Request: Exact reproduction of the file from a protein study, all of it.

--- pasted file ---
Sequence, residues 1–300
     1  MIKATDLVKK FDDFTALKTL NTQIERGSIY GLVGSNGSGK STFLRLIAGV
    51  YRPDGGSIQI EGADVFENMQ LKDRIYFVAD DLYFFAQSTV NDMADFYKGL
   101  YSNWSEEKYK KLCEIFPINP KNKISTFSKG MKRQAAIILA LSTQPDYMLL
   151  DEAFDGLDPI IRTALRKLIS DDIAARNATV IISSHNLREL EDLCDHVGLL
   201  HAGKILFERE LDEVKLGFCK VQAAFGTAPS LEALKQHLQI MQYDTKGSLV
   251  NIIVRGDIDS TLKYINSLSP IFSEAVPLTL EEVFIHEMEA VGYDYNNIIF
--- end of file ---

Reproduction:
Sequence, residues 1–300
     1  MIKATDLVKK FDDFTALKTL NTQIERGSIY GLVGSNGSGK STFLRLIAGV
    51  YRPDGGSIQI EGADVFENMQ LKDRIYFVAD DLYFFAQSTV NDMADFYKGL
   101  YSNWSEEKYK KLCEIFPINP KNKISTFSKG MKRQAAIILA LSTQPDYMLL
   151  DEAFDGLDPI IRTALRKLIS DDIAARNATV IISSHNLREL EDLCDHVGLL
   201  HAGKILFERE LDEVKLGFCK VQAAFGTAPS LEALKQHLQI MQYDTKGSLV
   251  NIIVRGDIDS TLKYINSLSP IFSEAVPLTL EEVFIHEMEA VGYDYNNIIF